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Old Aug 23, 2009, 6:58 PM   #11
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great shots scott
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Old Aug 23, 2009, 9:38 PM   #12
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The wasp in John's picture is the same species as the one that I encountered and snapped the picture of above. It was about 2 inches long at least not curled up like it was. I have some serious wasp spray that knocked this one down immediately, otherwise it would have been a bigger problem.

Anyway, if I didn't say so before, Scott your shots are very nice.
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Old Aug 24, 2009, 2:29 PM   #13
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Originally Posted by John.Pattullo View Post
not my image thank god but this little (well not so little) beasty trumps pretty much all insect life - japanese giant hornets



as this is my first post here should really say hi, the humming bird shots are really nice - love the one in flight - bet you needed alot of patience to get those shots - been tring to get some shots of buzzards lately but having spectularily bad luck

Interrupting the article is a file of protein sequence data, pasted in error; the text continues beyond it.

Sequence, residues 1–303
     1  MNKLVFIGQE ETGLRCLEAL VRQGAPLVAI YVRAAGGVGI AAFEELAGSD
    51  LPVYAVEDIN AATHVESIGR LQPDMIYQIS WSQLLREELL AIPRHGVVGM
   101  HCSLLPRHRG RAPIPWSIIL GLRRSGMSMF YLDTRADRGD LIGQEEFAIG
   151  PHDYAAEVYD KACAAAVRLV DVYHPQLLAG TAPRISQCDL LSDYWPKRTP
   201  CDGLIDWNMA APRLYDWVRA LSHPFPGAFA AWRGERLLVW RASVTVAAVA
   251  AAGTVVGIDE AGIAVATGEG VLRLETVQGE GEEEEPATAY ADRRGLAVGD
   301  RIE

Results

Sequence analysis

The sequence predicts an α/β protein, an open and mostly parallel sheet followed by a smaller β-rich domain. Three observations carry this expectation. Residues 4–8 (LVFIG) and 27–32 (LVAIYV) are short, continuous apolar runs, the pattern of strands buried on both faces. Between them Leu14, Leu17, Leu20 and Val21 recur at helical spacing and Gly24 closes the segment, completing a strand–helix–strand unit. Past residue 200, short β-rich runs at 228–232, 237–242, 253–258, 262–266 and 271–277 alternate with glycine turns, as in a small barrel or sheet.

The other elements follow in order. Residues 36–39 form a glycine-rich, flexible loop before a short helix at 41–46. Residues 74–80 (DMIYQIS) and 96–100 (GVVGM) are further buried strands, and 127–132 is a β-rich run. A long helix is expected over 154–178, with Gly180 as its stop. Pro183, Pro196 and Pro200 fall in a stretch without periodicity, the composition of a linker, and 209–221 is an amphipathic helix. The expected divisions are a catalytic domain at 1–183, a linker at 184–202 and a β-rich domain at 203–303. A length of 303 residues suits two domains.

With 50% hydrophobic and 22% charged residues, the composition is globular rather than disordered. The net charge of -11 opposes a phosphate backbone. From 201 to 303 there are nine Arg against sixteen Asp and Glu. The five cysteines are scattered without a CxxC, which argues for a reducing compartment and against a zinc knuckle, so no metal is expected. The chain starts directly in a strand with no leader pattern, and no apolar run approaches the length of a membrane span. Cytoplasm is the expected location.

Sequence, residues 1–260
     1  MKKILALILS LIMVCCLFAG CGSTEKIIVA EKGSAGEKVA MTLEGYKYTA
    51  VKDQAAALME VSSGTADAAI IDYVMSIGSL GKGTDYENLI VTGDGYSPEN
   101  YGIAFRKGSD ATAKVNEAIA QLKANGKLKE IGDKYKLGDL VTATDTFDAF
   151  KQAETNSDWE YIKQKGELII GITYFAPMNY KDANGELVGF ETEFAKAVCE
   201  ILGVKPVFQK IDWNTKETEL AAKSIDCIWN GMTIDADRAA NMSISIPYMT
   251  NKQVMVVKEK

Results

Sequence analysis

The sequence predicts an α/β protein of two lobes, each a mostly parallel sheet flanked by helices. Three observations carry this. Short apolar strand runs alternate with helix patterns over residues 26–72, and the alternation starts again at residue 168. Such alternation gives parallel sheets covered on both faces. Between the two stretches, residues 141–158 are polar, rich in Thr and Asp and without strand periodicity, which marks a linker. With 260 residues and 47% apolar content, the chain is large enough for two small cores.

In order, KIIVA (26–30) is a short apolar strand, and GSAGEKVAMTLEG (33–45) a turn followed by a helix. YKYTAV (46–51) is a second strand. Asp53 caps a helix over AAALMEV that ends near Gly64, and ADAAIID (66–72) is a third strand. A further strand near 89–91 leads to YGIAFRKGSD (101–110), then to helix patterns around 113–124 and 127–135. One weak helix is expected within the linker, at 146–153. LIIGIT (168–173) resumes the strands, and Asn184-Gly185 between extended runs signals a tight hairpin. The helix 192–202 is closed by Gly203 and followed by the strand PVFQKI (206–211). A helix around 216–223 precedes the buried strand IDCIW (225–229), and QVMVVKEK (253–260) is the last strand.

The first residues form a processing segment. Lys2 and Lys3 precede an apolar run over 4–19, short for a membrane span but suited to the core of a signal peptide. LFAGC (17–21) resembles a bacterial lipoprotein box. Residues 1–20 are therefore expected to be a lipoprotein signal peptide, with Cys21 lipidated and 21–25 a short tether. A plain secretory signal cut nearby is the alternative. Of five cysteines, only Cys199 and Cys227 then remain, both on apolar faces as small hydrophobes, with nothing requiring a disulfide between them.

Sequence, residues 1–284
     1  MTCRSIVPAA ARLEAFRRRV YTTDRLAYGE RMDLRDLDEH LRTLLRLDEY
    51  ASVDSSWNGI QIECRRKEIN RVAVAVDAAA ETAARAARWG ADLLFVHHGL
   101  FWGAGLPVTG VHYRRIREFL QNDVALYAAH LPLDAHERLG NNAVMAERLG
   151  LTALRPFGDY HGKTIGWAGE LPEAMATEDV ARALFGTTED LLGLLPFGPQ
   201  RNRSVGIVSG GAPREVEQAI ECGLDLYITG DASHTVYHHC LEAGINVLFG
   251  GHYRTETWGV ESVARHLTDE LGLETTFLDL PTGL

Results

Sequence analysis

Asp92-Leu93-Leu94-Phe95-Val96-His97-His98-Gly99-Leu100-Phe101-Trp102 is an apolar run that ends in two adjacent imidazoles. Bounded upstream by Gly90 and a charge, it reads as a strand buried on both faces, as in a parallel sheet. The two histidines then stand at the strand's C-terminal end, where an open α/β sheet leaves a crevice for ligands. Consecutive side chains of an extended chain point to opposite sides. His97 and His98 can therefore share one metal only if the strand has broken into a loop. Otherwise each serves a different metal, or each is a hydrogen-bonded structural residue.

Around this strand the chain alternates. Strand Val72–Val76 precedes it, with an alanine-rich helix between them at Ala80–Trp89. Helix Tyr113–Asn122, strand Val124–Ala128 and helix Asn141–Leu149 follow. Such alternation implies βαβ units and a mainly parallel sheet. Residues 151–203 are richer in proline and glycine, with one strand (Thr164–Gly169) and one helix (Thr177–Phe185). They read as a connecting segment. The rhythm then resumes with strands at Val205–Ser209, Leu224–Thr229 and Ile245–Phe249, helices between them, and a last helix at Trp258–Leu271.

Welcome to the forum John P. looking forward to seeing some Photos from you.
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Old Aug 24, 2009, 9:30 PM   #14
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Originally Posted by Rodney9 View Post
Thats one huge fly indeed, and lovely hummingbirds.
Rodney

Hi Rodney,

Thanks! -- I saw another of the Horse flies today, but it was less than half the size (more "normal" -- but still a big honker)


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Originally Posted by nhmom View Post
I really like the third one. The way it just hovers there.
And, that fly! Yikes! 2"! Shivers down my spine just thinking of a fly that large.
Hi Patty,

That's my favorite also -- really just a lucky shot, the only from a series of 3 that wasn't totally motion blurred.

I was totally freaked out by that fly -- spent most of the rest of my time there looking over my shoulder. . .

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Originally Posted by rhermans View Post
Great images, love those little birds, and a nice shot of a "black horse fly"

"This horse fly is a blood feeder, slashing the hide of the animal and sponging blood from the wound." Don't think that shotgun is a bad idea.
http://bugguide.net/node/view/295393/bgpage
Hi Ronny,

Thanks!!

It's really reassuring to know that it's a blood feeder! Now I'll really be looking over my shoulder. . .

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Originally Posted by jelpee View Post